Weaving

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Neith was a goddess of war and of hunting and had as her symbol, two crossed arrows over a shield. Her symbol also identified the

city of Sais. This symbol was displayed on top of her head in Egyptian art. In her form as a goddess of war, she was said to make the weapons of warriors and to guard their bodies when they died.

Her name also may be interpreted as meaning water. In time, this meaning led to her being considered as the personification of the primordial waters of creation. She is identified as a great mother goddess in this role as a creator.

Neith's symbol and part of her hieroglyph also bore a resemblance to a loom, and so later in the history of Egyptian myths, she also became goddess of weaving, and gained this version of her name, Neith, which means weaver. At this time her role as a creator changed from being water-based to that of the deity who wove all of the world and existence into being on her loom. (Thanks Wikopedia)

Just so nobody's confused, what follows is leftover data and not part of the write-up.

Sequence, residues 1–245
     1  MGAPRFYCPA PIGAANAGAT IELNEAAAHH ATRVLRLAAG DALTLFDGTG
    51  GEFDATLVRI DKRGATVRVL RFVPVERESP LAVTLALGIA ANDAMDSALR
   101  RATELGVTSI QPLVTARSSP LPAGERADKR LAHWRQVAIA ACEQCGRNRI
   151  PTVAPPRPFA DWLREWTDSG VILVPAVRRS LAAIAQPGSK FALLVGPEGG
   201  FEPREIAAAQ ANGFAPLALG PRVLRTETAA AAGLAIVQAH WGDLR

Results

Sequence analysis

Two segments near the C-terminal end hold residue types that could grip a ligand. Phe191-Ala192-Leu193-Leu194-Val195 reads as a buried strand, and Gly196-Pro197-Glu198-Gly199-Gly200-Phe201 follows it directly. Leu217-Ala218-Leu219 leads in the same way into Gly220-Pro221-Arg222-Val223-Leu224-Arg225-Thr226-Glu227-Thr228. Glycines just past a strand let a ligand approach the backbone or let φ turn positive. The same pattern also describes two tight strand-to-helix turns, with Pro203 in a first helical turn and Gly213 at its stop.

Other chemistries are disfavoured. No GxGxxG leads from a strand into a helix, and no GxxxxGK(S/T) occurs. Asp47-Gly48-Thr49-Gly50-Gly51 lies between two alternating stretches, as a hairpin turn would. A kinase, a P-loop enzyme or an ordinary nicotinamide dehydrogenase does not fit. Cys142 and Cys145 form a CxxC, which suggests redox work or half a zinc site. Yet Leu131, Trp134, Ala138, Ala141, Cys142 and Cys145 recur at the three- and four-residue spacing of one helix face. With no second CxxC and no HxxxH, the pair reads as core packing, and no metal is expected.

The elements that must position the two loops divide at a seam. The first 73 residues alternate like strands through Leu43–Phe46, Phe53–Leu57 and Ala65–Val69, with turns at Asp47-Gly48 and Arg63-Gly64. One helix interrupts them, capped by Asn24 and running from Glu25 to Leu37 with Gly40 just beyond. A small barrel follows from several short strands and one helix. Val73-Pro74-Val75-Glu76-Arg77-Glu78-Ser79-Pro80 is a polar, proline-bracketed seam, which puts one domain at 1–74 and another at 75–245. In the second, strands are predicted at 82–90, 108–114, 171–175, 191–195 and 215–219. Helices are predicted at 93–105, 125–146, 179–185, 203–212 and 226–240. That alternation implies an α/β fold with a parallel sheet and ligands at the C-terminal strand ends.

And the point of putting in the above text is? (I hear you ask) Well weaving was the next step taken after spinning the yarn. (OK, knitting probably as well) So the craft has a long and illustrious history.

Modern looms come in all shapes and sizes, each producing fabric of varying complexity.

What you weave will be dependent upon your working space and of course your budget.
Whichever loom you choose, the resulting fabric or tapestry will become a treasured item admired by many.

The picture below depicts a 16 shaft loom capable of weaving very complex patterns. Below the Inkle Loom a Tapestry Loom Frame which can be used to test patterns for a 4 shaft loom.

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